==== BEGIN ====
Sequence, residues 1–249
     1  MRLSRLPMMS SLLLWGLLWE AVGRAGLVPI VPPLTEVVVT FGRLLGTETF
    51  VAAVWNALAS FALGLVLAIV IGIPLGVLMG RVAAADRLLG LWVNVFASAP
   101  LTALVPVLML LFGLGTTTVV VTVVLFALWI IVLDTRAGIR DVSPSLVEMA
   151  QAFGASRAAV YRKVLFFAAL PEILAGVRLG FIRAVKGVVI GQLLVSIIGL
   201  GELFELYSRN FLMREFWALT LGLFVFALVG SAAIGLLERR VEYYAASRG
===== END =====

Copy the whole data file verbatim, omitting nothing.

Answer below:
Sequence, residues 1–249
     1  MRLSRLPMMS SLLLWGLLWE AVGRAGLVPI VPPLTEVVVT FGRLLGTETF
    51  VAAVWNALAS FALGLVLAIV IGIPLGVLMG RVAAADRLLG LWVNVFASAP
   101  LTALVPVLML LFGLGTTTVV VTVVLFALWI IVLDTRAGIR DVSPSLVEMA
   151  QAFGASRAAV YRKVLFFAAL PEILAGVRLG FIRAVKGVVI GQLLVSIIGL
   201  GELFELYSRN FLMREFWALT LGLFVFALVG SAAIGLLERR VEYYAASRG